Ben Gillock, environmental systems and societies teacher at UWC-USA, is crouched next to a student, spreading dry grass clippings around cabbage seedlings in the large garden that makes up part of the new UWC-USA Agroecology Research Center (ARC).
“We need to do more than just sit in a classroom,” Ben says, his hands covered in mulch. “If our aim is to prepare young people to address global challenges—why not give them a real, concrete, immediate challenge to work on?”
“Our students eat three meals a day, but most know very little about the process of growing food,” he continues. “Growing food applies the concepts of biology, physics, and chemistry. It raises interesting and difficult questions about ecology, economics, and sustainability. It also helps students develop a healthy respect for the labor and skill that goes into raising the food that they eat.”
ARC is located on 20 acres of riparian land near Sebastian Canyon that was purchased by the school last year. Last spring, Ben and a team of 30 students transformed an old hay barn into an outdoor classroom, planted the garden, and established a flock of chickens and ducks in an old stable. In August, students will erect a commercial-grade high tunnel (a type of greenhouse) that will be used to grow produce throughout the winter months.
ARC aims to achieve three goals:
Train students and community members in the skills and techniques needed to practice sustainable agriculture in an arid environment.
Provide a place for practical, hands-on work where students can learn new skills and discover meaningful applications of their classroom learning in math, economics, and the sciences.
Stimulate innovation by challenging students to think about new and different ways to approach problems such as pest management, habitat conservation, and waste management.
“People all over the world are trying to figure out how to increase crop productivity even as water resources become scarce,” Ben says. “The larger question is how to derive value from the land while still supporting ecological functions. We want to see ARC function as a laboratory where students can explore many different techniques in applied sustainability.”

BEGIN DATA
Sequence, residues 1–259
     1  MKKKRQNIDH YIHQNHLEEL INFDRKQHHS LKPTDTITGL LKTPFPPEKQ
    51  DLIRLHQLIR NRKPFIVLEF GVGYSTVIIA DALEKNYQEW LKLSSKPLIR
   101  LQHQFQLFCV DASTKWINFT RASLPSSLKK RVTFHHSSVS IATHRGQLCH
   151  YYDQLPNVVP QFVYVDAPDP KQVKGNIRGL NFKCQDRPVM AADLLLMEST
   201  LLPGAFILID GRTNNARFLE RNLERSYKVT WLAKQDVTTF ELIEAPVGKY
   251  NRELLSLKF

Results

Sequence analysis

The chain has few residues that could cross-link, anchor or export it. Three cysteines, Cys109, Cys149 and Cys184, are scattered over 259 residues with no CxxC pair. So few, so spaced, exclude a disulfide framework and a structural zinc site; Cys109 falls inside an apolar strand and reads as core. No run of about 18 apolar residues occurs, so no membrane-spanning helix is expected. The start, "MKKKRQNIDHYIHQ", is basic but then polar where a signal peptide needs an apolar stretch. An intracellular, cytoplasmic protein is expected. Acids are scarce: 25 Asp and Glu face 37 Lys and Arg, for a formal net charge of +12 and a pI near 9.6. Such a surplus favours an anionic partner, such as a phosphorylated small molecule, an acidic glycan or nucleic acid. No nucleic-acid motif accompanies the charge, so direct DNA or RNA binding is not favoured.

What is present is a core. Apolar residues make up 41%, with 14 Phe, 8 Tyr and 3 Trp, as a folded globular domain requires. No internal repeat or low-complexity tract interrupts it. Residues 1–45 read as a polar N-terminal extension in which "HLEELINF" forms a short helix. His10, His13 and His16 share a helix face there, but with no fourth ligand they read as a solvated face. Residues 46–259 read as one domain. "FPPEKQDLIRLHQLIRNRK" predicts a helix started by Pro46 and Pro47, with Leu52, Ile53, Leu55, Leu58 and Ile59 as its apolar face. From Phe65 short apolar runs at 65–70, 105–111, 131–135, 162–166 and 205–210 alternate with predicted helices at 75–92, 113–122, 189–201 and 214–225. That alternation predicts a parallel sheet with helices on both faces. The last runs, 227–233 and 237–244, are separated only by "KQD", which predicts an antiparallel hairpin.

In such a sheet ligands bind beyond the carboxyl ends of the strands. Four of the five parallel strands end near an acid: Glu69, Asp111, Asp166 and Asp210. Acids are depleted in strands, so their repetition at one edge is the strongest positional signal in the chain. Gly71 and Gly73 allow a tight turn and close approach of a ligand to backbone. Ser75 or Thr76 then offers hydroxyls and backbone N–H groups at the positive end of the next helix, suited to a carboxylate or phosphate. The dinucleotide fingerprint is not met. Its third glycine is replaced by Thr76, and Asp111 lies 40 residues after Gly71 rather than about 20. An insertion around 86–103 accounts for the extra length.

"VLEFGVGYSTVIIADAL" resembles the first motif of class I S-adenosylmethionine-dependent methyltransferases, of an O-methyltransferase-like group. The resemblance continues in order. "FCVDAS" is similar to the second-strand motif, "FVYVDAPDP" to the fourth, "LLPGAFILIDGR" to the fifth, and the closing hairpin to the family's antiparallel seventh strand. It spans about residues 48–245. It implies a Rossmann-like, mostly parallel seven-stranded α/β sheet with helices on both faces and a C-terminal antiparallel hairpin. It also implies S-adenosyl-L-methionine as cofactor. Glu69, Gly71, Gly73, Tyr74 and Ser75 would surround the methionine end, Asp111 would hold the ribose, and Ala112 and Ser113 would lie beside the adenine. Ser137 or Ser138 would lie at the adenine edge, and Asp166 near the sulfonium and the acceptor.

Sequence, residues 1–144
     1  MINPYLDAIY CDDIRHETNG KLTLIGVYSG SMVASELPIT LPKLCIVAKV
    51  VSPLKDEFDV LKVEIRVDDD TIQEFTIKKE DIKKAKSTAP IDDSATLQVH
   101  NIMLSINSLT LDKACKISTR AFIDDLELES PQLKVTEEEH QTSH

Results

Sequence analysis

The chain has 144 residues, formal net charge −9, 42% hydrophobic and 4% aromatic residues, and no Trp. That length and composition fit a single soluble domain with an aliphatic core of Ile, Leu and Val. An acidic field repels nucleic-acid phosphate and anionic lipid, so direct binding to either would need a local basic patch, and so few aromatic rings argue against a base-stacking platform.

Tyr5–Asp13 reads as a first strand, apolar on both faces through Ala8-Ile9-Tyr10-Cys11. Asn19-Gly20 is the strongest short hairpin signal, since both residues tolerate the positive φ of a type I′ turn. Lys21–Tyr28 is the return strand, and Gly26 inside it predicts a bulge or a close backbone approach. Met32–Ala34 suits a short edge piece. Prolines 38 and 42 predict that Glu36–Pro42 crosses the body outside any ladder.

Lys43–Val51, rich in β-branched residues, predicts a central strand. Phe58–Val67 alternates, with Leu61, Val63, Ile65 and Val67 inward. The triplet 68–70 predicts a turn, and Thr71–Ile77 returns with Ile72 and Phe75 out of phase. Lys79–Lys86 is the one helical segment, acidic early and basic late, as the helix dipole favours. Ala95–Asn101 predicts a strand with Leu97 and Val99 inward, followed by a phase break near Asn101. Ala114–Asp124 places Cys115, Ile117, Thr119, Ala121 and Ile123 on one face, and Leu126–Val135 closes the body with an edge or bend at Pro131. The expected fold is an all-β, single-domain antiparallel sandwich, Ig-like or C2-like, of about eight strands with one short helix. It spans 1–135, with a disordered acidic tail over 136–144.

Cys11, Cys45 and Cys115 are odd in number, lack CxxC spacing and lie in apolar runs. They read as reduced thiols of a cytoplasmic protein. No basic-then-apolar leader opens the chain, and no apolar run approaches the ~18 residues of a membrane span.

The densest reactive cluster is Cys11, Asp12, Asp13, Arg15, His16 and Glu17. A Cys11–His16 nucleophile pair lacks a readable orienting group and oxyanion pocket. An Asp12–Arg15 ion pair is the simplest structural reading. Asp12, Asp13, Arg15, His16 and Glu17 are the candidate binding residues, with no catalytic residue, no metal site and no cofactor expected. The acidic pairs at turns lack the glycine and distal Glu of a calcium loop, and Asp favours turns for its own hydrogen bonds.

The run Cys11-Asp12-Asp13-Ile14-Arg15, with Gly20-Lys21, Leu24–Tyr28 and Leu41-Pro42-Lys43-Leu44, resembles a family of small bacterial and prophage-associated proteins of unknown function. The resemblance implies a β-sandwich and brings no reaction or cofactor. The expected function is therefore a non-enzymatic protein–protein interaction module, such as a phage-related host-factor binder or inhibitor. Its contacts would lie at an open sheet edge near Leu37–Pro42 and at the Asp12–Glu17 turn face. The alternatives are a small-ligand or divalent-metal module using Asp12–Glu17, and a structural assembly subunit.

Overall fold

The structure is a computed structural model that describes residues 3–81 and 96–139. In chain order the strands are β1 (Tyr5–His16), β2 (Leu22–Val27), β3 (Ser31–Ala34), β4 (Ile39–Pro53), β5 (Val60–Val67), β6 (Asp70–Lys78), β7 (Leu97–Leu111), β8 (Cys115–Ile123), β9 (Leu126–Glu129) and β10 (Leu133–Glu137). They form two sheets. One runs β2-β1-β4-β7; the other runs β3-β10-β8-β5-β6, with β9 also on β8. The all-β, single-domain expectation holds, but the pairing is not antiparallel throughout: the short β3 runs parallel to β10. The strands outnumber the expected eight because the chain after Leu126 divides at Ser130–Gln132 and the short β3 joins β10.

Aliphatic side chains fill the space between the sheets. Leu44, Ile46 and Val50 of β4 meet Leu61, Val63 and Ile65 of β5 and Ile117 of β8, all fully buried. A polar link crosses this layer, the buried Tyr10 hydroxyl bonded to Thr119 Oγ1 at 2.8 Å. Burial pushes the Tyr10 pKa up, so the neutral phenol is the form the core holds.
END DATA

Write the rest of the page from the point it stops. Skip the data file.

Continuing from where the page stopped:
ARC’s potential—and its clear alignment with the UWC mission—led UWC-USA’s Board of Trustees to incorporate it in the Davis Challenge for Scholars and Programs, which launched in February. Philanthropist Shelby M.C. Davis has pledged to give UWC-USA $1 million to create scholarships for students from areas of conflict if the school can raise $1 million in new and increased gifts. Donors can specify that their gift be directed to one of four areas of need, including the ARC. School leaders hope to raise $50,000 to support the next phase of the ARC’s design.
“Given the centrality of food production to issues of peace and sustainable development, it seems fitting that we develop educational programming that will help our students gain a deeper understanding of the skills, science, and economics of food production,” says Acting President Tom Oden.
ARC’s impact will be both global and local. In addition to training young global leaders in sustainable agriculture, UWC-USA is partnering with schools in Las Vegas to bring local students to the farm. There also are plans for a workshop series for the broader community.
“Ultimately, the ARC is all about self-efficacy,” Ben says. “UWC-USA students can become overwhelmed with the scale of the challenges they learn about, and may wonder whether they can really have an impact. But when you have gained the skill and grit it takes to raise a crop in the punishing conditions of Northern New Mexico, it feels like you can achieve anything.”